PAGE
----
He missed the entire clay-court season. Earlier in his career, Raonic had always managed to pick right up where he left off after an injury absence. But it’s been significantly more difficult for him in the last year.
And the bottom line is that he likely wasn’t at full health when he did come back.
Raonic was the defending finalist in Stuttgart, where he lost to Roger Federer a year ago.
You could see, even as Raonic managed to get through three-set wins against qualifier Alexei Popyrin and Jo-Wilfried Tsonga in the earlier round, that he wasn’t feeling great. He survived both in third-set tiebreaks.
His match against Marton Fucsovics in the quarterfinals on Friday was more routine (6-4, 6-4). But even then, he had the trainer out to rub some heat creme on his back. And he looked uncomfortable throughout.
Wimbledon the goal
Beyond how … not fun it would have been to lose to a decade-younger compatriot when he wasn’t firing on all cylinders, Raonic has had to take a big-picture look at things. He’s got Queen’s Club next week. And then he has Wimbledon.
Still, if you can respect a player for not taking the court when he feels not fit enough to play, Raonic has done this often enough in his career that he risks being tagged with it.
It’s the 10th time he’s done it – the fourth time in the last 14 months.
Great opportunity for FAA
For Auger-Aliassime, it’s a great opportunity to win a title. His opponent is not much more experienced on grass than he is despite being 4 1/2 years older. And Berrettini definitely prefers the clay even if he beat No. 2 seed Karen Khachanov, Nick Kyrgios and the in-form Jan-Lennard Struff to get there.
Berrettini’s first-ever grass-court season was a year ago. He qualified at both Halle (beating Brown in three tiebreaks in the first round of qualifying, something Auger-Aliassime experienced this week) and Eastbourne. He lost first round in both main draws.
He then came back from two sets to none down to defeat Jack Sock in his first-ever match at Wimbledon, before losing to Gilles Simon.
Berrettini also played a match on grass earlier this year in Kolkata, in a Davis Cup qualifier against India.
A year ago, Auger-Aliassime, then 17, skipped the grass-court season entirely to work on his game. He was grinding it out on the clay-court Challenger circuit.
He had the points from a Challenger title to defend this week, won on clay a year ago in Lyon.
He’s done that. He’ll maintain his career-high ranking of No. 21 regardless of what happens in the final.
The kid has grown visibly more comfortable on the surface just through this week. His only previous experience on it was as a junior in 2016. He lost to Alex de Minaur (with whom he’s scheduled to play doubles at Queen’s next week) in the quarterfinals, when he visibly ran out of gas.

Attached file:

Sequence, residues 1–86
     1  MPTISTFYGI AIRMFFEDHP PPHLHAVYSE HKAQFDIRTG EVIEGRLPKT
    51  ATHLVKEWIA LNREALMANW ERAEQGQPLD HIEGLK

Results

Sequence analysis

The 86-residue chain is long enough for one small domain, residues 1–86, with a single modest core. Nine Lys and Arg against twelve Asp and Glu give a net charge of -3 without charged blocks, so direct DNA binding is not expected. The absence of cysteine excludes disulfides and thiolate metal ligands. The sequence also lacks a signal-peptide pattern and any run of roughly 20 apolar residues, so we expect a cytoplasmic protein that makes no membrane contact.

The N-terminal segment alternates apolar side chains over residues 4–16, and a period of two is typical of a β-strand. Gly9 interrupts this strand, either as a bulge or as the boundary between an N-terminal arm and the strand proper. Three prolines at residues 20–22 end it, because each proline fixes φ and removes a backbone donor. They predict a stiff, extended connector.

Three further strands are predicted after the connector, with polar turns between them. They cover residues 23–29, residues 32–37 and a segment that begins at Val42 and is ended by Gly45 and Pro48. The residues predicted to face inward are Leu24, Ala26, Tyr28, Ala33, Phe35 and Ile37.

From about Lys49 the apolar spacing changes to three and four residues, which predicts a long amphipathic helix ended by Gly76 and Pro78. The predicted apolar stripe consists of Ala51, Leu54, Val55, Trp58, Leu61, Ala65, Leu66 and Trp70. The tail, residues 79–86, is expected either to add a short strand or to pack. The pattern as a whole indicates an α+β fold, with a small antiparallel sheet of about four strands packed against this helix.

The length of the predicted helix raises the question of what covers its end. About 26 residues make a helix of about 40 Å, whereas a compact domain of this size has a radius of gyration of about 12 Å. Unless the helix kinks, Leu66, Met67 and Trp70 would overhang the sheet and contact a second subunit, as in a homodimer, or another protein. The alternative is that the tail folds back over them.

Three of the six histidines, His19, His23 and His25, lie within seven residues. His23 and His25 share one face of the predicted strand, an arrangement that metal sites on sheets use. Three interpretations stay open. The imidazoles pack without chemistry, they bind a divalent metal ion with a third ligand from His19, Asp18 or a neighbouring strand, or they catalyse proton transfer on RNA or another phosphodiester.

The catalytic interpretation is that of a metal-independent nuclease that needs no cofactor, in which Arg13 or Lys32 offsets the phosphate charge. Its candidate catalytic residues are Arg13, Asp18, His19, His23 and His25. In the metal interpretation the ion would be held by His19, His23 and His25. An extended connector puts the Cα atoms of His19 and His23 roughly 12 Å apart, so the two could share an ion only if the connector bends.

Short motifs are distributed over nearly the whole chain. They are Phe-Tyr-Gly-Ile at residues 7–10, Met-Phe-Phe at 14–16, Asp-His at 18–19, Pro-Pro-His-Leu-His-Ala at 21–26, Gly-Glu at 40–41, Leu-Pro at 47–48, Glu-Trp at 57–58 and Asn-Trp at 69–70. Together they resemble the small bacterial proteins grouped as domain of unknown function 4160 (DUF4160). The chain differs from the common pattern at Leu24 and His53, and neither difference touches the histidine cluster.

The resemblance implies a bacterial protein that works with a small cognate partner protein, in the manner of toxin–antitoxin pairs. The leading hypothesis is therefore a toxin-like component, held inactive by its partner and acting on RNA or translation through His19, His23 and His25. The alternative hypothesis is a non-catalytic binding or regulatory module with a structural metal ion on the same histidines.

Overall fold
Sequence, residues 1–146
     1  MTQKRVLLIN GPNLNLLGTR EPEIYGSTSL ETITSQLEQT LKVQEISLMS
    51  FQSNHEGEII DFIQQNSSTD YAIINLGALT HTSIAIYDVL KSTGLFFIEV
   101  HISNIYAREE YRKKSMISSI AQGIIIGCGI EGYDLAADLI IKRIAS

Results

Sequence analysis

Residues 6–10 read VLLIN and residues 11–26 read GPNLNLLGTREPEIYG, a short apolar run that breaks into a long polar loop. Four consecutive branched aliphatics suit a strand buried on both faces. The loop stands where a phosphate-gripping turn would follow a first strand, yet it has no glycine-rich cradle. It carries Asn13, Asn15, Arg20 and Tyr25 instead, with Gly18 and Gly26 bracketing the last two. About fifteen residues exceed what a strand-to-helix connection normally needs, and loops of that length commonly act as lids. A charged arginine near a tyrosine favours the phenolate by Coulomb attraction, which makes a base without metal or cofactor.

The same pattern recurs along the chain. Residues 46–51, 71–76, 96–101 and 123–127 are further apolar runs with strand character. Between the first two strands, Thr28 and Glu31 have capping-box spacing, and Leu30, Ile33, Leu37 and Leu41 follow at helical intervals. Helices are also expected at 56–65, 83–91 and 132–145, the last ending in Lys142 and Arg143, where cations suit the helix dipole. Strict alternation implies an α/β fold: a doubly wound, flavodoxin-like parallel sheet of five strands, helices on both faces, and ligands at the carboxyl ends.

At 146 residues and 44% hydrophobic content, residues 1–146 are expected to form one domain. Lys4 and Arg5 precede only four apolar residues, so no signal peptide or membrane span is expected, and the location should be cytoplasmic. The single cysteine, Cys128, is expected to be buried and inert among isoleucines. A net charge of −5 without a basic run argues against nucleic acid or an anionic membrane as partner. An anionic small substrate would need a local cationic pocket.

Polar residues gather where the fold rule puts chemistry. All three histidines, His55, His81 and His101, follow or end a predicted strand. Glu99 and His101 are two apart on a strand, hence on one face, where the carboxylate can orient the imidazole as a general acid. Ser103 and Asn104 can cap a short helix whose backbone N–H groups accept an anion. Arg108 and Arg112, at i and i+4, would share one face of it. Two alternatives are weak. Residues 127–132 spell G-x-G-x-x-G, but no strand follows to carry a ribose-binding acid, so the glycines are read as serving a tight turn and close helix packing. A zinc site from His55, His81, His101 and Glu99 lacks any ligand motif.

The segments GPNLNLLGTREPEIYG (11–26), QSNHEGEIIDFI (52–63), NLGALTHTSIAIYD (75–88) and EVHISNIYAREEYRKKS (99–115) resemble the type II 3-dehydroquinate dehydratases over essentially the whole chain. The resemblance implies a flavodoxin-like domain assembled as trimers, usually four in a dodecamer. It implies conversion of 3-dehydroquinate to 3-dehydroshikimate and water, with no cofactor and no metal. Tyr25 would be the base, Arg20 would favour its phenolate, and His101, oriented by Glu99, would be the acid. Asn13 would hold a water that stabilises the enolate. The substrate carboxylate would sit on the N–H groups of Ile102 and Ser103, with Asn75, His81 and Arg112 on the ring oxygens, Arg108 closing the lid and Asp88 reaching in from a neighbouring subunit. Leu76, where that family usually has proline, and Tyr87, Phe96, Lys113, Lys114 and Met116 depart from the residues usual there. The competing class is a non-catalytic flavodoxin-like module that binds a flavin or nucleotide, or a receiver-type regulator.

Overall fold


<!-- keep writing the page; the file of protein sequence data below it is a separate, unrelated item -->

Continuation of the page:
He and Denis Shapovalov made the doubles final.
But that was three years ago.
Standout effort against Brown
In Stuttgart, Auger-Aliassime defeated veterans Ernests Gulbis and Gilles Simon in straight sets.
The match against Brown took three tiebreaks to decide. Auger-Aliassime was down 3-5 in the third set. Brown served for it at 5-4, but the Canadian’s ability to consistently put the ball in play on the return served him extremely well.
He made Brown earn it. And the German was almost, but not quite, up to the task.
Auger-Aliassime went through the gamut. He received a code violation for angrily firing a ball out of the court. He buried his head in his towel during one changeover. He slipped and fell a few times – surprisingly, not many.
But he remained resolute. And not only did it pay off in a win Friday, it also will add some terrific experience to his grass-court file.
Berrettini, yet another Italian who has broken through in the last few years on the clay courts, came into the week at a career-high No. 30 in the singles rankings. He’ll be at no lower than No. 24 if he loses. If he wins, he’ll be right behind Auger-Aliassime at No. 22.
The BNP Paribas Open announced Monday that Rafael Nadal will headline a Tie Break Tens event ahead of the main Indian Wells Masters 1000 / Premier Mandatory tournament.
It’s a winner-take-all event, with $150,000 US going to the winner.
Also confirmed are Dominic Thiem, Gaël Monfils and Milos Raonic. Two spots remain in the six-man field.
(We say “six-man field”, of course, because it’s a men-only event).
The Eisenhower Cup
It will be called the “Eisenhower Cup presented by Masimo”, and held on Tuesday, March 5 at 7 p.m. during the Indian Wells qualifying. They’ll use fabulous Stadium 2 to play it.
The format is two pools of three players, playing a first-to-10 match tiebreak. The winners of the two pools will square off in the final.